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North Korea: South Korean lawmakers say North wants international sanctions eased before restarting talks with US
Talks between the US and North Korea regarding denuclearization have been in the air as the isolated nation remains determined to further its nuclear program. South Korea’s lawmakers have revealed that the North will resume nuclear talks with the US if the international sanctions imposed on them are lifted.
North Korea has demanded that the international sanctions imposed on them be lifted if denuclearization talks are to resume with the US, according to South Korean lawmakers. The lawmakers’ comments follow a briefing by the main intelligence agency of South Korea. The briefing took place a week after the two Koreas restored their hotlines that were suspended by the North one year ago.
South Korean legislators said that North Korean leader Kim Jong Un and South Korean President Moon Jae-in both expressed a willingness to rebuild trust and improve relations between the two Koreas since April. They added that it was Kim who asked to reconnect the hotlines. North Korean media outlets did not mention any new request to start lifting sanctions.
The North reportedly wants a lifting of international sanctions involving the ban on metal exports and imports on refined fuel and other necessities. Imports of luxury goods that would bring in fine liquors and suits are also included in the sanctions against them that must be lifted before talks with the US resume. The lawmakers also cited that North Korea was in need of one million tons of rice.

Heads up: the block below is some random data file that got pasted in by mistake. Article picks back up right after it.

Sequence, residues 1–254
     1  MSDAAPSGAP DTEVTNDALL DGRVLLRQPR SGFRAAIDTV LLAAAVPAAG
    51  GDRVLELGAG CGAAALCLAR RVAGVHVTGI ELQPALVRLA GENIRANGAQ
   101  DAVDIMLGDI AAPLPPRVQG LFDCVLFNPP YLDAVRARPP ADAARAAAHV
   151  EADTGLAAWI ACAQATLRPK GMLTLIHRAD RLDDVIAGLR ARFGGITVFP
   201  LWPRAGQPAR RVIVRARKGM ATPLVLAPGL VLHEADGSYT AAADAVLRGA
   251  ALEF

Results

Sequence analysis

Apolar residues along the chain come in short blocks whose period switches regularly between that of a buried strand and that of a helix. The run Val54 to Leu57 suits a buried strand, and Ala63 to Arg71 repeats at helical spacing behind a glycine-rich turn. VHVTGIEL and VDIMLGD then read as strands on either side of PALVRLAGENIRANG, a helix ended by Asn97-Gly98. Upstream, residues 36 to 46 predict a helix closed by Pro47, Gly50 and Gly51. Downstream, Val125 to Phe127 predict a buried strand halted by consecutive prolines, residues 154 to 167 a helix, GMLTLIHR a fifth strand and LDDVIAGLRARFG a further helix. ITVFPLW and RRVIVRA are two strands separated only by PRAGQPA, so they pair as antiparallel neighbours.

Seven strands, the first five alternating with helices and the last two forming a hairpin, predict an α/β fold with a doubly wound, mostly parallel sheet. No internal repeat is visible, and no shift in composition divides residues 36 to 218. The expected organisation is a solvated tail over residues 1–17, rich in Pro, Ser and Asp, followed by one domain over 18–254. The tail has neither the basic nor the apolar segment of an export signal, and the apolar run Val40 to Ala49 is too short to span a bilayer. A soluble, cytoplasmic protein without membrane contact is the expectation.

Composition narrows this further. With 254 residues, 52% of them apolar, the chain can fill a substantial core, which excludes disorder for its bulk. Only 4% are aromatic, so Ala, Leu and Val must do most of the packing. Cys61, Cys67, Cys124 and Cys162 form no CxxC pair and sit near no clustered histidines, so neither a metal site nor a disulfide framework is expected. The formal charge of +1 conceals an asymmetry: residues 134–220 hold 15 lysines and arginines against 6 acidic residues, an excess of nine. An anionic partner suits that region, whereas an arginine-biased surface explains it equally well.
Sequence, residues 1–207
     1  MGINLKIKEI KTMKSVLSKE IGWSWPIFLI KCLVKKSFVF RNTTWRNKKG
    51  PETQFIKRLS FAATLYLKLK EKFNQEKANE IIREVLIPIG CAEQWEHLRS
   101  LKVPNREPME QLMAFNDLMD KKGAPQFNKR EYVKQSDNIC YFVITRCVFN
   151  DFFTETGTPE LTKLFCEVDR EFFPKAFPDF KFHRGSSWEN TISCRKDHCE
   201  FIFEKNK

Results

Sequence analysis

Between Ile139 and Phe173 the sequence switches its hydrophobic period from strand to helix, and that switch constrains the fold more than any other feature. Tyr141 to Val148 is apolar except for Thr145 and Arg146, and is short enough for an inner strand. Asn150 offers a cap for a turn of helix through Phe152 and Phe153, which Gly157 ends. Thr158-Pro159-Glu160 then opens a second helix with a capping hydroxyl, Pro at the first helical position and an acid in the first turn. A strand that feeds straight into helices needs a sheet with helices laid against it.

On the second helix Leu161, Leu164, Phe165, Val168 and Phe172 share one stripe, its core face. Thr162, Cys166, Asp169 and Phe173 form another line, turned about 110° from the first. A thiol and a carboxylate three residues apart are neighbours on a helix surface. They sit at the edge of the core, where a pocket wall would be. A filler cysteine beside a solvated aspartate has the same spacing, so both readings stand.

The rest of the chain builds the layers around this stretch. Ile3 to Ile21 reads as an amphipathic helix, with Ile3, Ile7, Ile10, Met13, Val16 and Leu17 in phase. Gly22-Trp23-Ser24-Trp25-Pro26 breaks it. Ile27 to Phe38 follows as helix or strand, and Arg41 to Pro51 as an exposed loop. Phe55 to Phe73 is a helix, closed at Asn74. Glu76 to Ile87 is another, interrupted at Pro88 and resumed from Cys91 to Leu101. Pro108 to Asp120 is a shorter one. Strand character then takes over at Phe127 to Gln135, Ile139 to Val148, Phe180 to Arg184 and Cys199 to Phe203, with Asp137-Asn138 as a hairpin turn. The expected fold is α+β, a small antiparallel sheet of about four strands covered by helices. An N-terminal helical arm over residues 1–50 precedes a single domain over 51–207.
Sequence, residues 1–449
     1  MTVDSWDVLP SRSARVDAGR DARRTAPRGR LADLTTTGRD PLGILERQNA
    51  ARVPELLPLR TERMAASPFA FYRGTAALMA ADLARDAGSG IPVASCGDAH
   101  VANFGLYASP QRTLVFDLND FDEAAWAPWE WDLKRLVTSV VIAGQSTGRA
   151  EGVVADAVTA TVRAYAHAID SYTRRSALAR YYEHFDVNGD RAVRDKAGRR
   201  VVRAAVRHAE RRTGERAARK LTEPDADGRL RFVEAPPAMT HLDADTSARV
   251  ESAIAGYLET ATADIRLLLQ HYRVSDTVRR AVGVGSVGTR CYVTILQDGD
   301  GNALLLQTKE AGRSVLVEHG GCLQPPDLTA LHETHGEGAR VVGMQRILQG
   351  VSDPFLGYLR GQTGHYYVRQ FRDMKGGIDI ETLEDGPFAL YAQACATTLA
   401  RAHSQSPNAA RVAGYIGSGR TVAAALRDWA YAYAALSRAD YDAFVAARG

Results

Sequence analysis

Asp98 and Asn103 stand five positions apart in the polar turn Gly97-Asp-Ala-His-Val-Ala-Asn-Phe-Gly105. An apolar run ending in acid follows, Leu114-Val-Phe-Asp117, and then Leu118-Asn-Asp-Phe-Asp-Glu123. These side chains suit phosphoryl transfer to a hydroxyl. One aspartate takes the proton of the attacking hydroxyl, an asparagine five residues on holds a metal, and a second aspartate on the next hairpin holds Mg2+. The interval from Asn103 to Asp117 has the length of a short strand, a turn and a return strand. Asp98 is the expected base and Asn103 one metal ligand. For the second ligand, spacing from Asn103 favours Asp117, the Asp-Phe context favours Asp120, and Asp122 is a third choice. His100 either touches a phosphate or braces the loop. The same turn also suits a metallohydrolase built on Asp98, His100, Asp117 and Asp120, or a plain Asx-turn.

The lawmakers also said that North Korea is in need of around one million tons of rice and cited that its economy was suffering due to the bad weather and the pandemic in 2020. According to South Korea’s central bank, North Korea’s economy suffered its biggest contraction in 23 years in 2020 due to sanctions imposed by the UN, COVID-19 lockdowns, and the weather.
Meanwhile, North Korea recently criticized the United Kingdom following reports that it has permanently deployed two ships to the Asia-Pacific region. The UK made the announcement in July where the HMS Queen Elizabeth would permanently deploy two warships in the region during its sailing to Japan. The British Embassy in Tokyo has said it will not have a permanent base.
North Korea’s foreign ministry criticized the decision, saying that the UK should focus on Brexit instead.
“The UK, which is intensifying the situation by pushing warships into the distant Asia-Pacific region, is using our ‘threat’ as an excuse,” said the ministry in a statement. North Korea went on to accuse the UK of acting on a “bet” that North Korea and China are trying to isolate South Korea and Japan.